Adoption is a beautiful thing but it is not glamorous. It is actually the opposite. It is messy, dirty and makes you rethink everything you ever stood on firmly as a parent.. or even as a person.

But in the midst of it all… we are hitting our stride. We are realizing that there are cycles and recognizing them when they come. We are giving ourselves, the girls and the boys much more grace. We are planning fun, embracing the messy… in between visits from the housecleaner (praise Jesus for the housecleaner!). We are talking, beginning to break out of the hole that we have been living in. We are being proactive on behavior issues, started Dominic in counseling and are planning to just cycle the kids through one by one.

I am convinced more and more–that everyone needs a good counselor in their back pocket. Life is hard. Normal life is hard. This world can be a beautiful place but can also be a very broken place. Getting rid of the stigma of counseling and embracing the good that it is.. could possibly be the best thing that this generation could do. Other than put down their phones and talk to each other.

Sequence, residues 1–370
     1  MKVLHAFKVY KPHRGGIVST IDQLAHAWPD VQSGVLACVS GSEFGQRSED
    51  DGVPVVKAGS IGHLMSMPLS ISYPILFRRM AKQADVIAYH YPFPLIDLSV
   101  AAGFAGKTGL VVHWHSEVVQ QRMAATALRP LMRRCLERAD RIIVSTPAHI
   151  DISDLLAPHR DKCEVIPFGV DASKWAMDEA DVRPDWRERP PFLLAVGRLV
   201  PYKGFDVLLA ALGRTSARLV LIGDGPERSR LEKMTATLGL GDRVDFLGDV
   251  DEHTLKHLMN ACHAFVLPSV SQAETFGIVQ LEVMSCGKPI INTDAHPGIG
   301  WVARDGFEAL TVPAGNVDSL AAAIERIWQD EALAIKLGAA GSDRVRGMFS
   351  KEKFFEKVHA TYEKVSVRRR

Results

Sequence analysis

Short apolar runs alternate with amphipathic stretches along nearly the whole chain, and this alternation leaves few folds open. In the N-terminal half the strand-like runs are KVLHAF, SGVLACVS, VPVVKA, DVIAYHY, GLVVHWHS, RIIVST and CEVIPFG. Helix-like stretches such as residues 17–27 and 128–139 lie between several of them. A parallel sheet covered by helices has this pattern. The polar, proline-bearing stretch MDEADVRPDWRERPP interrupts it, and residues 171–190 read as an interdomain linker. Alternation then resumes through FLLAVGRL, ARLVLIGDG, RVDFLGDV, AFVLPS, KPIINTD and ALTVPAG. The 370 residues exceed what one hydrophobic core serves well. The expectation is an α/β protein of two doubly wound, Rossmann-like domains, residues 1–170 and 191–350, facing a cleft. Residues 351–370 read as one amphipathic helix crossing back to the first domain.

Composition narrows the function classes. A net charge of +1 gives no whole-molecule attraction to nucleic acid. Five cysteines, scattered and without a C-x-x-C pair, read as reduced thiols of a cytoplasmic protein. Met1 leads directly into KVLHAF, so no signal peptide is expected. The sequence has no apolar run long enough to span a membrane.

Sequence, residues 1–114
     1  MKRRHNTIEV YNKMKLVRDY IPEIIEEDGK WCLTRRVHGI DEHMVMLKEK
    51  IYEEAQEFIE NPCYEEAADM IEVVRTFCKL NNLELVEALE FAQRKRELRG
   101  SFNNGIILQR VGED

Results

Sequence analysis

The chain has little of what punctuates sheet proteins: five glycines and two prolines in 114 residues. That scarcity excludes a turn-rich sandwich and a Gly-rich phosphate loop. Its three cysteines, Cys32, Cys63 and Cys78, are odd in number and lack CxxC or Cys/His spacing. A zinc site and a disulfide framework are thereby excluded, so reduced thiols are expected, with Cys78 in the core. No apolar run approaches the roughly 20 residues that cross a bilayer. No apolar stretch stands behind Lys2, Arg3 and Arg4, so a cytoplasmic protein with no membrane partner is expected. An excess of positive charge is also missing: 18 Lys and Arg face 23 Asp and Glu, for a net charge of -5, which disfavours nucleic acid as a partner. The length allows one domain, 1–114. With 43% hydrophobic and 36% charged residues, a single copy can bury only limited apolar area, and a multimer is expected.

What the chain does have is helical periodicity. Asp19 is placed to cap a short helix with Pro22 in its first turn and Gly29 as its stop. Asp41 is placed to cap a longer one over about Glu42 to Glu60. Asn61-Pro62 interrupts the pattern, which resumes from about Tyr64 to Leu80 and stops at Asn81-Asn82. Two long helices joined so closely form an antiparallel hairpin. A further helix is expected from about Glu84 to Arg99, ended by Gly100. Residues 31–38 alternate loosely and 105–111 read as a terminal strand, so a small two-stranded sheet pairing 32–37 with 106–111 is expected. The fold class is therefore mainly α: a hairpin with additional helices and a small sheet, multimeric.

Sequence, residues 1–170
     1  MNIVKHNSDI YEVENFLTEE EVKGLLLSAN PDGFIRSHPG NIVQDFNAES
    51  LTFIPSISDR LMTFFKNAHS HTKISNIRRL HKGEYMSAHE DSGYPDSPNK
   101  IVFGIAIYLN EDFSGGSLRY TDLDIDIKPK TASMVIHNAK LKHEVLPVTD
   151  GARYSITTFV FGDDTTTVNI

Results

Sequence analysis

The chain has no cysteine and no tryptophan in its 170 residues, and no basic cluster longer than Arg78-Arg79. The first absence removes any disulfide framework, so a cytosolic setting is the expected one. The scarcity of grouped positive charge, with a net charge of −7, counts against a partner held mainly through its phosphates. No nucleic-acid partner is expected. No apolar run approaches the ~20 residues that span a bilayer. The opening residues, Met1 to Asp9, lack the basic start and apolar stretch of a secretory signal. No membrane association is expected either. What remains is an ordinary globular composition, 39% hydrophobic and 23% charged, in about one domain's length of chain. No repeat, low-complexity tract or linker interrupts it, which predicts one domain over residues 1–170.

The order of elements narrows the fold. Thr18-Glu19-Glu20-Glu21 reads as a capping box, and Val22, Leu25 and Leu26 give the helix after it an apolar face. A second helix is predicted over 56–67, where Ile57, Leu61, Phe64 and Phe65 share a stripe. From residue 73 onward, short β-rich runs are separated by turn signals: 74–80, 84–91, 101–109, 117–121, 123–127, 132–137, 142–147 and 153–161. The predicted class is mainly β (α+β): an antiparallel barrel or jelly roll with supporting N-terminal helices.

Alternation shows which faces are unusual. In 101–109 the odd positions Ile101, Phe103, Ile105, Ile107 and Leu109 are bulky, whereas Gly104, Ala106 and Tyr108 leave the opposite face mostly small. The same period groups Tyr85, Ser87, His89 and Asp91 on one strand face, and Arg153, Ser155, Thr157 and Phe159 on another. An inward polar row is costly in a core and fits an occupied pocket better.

I am SO excited–this weekend I am going to the Create for Care retreat. I have been twice before…but before we got the boys. This will be my first time as an adoptive mom. And I need it. I need to sit in a room with 400 other crazy mothers that are in this too. I need a little time away. I need to sleep, not do laundry or wash another dish. I can’t wait. I might go a day early just for some solitude.

SO sweet supportive friends… thanks for running this race with us. For encouraging us to start, endure through those first few miles of pain and through this season of finding a pace and rhythm. It is most surely a marathon not a sprint…

-Laurie